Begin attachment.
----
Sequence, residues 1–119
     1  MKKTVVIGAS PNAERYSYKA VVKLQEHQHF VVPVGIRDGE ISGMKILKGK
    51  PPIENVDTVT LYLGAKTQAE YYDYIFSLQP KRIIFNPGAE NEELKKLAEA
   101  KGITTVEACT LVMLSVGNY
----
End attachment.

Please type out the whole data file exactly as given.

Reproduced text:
Sequence, residues 1–119
     1  MKKTVVIGAS PNAERYSYKA VVKLQEHQHF VVPVGIRDGE ISGMKILKGK
    51  PPIENVDTVT LYLGAKTQAE YYDYIFSLQP KRIIFNPGAE NEELKKLAEA
   101  KGITTVEACT LVMLSVGNY